The Daniel Fast – Useful, But Not Same as Biblical Fasting
The author of the ‘Daniel Fast’ created a term by linking a name and a word from the Bible. This term, Daniel Fast, misleads readers. How? It leads them to think that a dietary choice Daniel made for a period qualified as a fast. The term Daniel Fast further misleads as it dilutes or confuses the purpose of fasting.
As I wrote last week about the Daniel Fast, we learn in Chapter One of the Book of Daniel that Daniel chooses to eat a vegetarian diet most of the time. After his ten day test of vegetables and water, the official in charge gives him more vegetables. He sometimes eats meat because early in Chapter 10, in the section used to support the ‘Daniel Fast,’ he goes without meat, wine, and choice foods.
Some refer to this practice as a partial fast. Interestingly, Daniel does not call it a fast, nor does scripture. Daniel practiced fasting and prayer earlier in Chapter 9, but as a separate instance. So Daniel knew the meaning of fasting. He did not refer to his period of mourning and prayer as a fast.
No references to partial fasts exist in scripture. All references to fasting refer to a period of time without food, solid or liquid. Some rare instances also exclude water. See sources in Guide to Prayer and Fasting.
Daniel clearly understood fasting as a focal lens for prayer, a way to double down in front of the throne of God. His fast in chapter 9 likely followed the normal Biblical fasting practice of no food, liquid or solid. On the day he fasted, probably drank water. Occasional examples without food and water exist in the Bible but as exceptions. Biblical fasting elevates, enhances and focuses prayer. Daniel did have an extended period of prayer and mourning. He did not refer to it as a fast. The ‘Daniel Fast’ benefits those who practice it, but we should not equate it or elevate it to Biblical fasting.
Biblical fasting enhances and focuses prayer. The person fasting obtains a very clear sense that they need God more than air, food, or water.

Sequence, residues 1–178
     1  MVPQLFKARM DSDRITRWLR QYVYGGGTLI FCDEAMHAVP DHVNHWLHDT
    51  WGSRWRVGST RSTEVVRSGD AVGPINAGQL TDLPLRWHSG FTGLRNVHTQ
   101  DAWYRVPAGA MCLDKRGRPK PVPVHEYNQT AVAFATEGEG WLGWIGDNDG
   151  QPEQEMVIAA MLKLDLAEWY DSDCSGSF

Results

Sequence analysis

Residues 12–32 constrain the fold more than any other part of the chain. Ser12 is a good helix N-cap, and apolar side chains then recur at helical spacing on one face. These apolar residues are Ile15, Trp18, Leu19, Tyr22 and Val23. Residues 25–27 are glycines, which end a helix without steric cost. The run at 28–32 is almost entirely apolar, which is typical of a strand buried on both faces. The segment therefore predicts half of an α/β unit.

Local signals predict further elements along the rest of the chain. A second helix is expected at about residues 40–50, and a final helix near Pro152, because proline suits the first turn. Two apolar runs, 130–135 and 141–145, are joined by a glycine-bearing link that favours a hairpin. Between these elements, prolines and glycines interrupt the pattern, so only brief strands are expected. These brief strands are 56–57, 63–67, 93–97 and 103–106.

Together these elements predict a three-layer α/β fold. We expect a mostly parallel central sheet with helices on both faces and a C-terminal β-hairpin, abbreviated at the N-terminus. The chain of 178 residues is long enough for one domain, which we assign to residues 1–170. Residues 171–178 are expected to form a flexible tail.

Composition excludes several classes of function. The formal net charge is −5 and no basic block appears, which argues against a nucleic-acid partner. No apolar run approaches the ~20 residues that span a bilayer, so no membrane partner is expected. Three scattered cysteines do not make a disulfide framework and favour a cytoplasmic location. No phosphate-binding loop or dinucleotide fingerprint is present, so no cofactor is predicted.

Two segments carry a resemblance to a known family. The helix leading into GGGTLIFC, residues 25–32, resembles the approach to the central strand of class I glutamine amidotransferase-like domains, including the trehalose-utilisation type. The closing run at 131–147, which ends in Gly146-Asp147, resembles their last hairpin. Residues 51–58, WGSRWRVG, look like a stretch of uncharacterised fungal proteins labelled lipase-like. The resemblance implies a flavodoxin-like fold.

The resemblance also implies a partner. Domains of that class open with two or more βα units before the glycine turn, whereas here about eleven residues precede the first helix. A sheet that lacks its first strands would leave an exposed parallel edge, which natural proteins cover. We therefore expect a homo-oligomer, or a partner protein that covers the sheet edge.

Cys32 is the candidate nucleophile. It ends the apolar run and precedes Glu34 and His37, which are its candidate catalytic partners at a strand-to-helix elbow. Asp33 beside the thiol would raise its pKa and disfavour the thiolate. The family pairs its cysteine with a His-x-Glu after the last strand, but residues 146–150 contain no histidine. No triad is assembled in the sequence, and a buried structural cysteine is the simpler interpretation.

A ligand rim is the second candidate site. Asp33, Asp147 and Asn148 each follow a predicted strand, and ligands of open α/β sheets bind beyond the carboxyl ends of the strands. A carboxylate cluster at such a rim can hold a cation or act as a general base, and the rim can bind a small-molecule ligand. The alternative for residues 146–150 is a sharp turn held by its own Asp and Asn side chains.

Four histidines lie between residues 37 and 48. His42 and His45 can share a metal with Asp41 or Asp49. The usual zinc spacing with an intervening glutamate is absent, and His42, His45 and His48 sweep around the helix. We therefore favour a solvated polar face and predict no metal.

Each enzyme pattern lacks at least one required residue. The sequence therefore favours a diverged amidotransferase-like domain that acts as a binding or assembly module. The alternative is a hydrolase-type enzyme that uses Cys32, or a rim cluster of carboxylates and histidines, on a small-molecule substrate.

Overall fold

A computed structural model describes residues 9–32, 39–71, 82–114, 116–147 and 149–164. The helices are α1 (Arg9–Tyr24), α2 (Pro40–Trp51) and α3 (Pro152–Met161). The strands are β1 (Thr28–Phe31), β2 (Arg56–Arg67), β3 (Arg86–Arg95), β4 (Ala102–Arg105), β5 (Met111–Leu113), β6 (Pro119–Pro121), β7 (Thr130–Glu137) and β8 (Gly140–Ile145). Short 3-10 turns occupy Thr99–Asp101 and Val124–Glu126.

When using the Daniel Fast, I will miss the experience or deep understanding that I need God more than air, food, or water because:
1.The Daniel Fast with all the recipes and advice creates distractions and diminishes emphasis on prayer. Biblical fasting emphasizes prayer. The true Daniel fast in Chapter 9 of the book of Daniel and elsewhere in the Bible leaves no room for distraction. When practiced while seeking God, fasting annihilates distractions.
2.The Daniel Fast may deny me the insight of my true condition. It removes focus on my need and dependency upon God. Something I am less likely to miss when practicing Biblical fasting.
3.The Daniel Fast functions too much like a diet and becomes about me and dieting instead of God. The focus in some cases appears to be on special recipes and health benefits instead of on submission to God and focused prayer.
4. Without complete fasting I may miss the war of the will which takes place during fasting. During complete fasting I will experience the insistence of my stomach which represents my will demanding to have its way. Raw lust demands, “I must have it now!” Whether food or other needs, the impatient, impulsive demand to have it now is lust. When I fast, I remind myself that I give up all rights to myself to be a disciple. Giving up my basic right to food represents becoming a ‘living sacrifice.’ If I allow myself to eat, I will completely miss this experience, perhaps the greatest lesson of fasting. Each time I feel edgy or irritable, I beat it back in prayer. I ask God to kill the will through confession and asking for His forgiveness, healing and help.